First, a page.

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It’s that time of year again: summer! That means we’re due for The Portly Politico Summer Reading List 2020!
I’m actually a bit overdue for this list. I typically publish it in early June, to give those of you blessed to enjoy summer vacation a chance to look them up. But my long illness for the first couple of weeks of the month waylaid a number of plans, and last weekend I was occupied with family festivities, so the list is a few weeks later than I like.
But, like Sunday Doodles—a perk for $5 a month subscribers—my philosophy is “better late than never!” And with the Independence Day holiday approaching, it’s a great time to do some reading.
For new readers, my criteria is pretty straightforward. To quote myself from the 2016 list:
The books listed here are among some of my favorites. I’m not necessarily reading them at the moment, but that doesn’t mean you shouldn’t!
Pretty vague, I know. Additionally, I usually feature three books, plus an “Honorable Mention” that’s usually worth a read, too.
For those interested, here are the prior two installments:
But that’s enough yackin’. Here’s The Portly Politico Summer Reading List 2020:
1.) Richard Weaver, edited by George M. Curtis, III and James J. Thompson, Jr., The Southern Essays of Richard M. Weaver (1999) – Regular readers know I love Richard Weaver, and I featured his masterpiece Ideas Have Consequences on the 2016 list. The Southern Essays feature a collection of Weaver’s writings on the South.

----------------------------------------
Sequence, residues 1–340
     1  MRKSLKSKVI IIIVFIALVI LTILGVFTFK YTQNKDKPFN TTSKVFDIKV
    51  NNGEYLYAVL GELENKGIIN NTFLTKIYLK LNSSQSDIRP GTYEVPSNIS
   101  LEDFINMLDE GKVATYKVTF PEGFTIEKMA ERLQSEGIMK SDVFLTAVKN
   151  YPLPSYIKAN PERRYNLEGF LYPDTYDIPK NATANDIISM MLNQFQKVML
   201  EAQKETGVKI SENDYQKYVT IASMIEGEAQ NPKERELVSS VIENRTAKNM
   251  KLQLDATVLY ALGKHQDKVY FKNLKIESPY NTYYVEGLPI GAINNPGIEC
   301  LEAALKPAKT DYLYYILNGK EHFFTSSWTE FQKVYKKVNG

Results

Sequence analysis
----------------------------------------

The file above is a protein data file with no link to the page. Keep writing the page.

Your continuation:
Weaver was a literary critic and English professor at the University of Chicago, but his roots were in Asheville, North Carolina. He possessed a deep and abiding love of and respect for Dixie, particularly its writers. Weaver’s background in literature and poetry is evident in these essays, in which he ruminates on the abundance of prolific Southern literary types. He also brings some nuance to the question of the American Civil War and the South’s role therein. I believe it was in this collection that I first learned of John Randolph of Roanoke, the great, ornery Virginian who resisted federal overreach in the early nineteenth century.
Weaver’s writing can be a bit dense, but once you get used to his mid-century style, his ideas are easy enough to absorb. I highly, highly recommend you pick up this collection.
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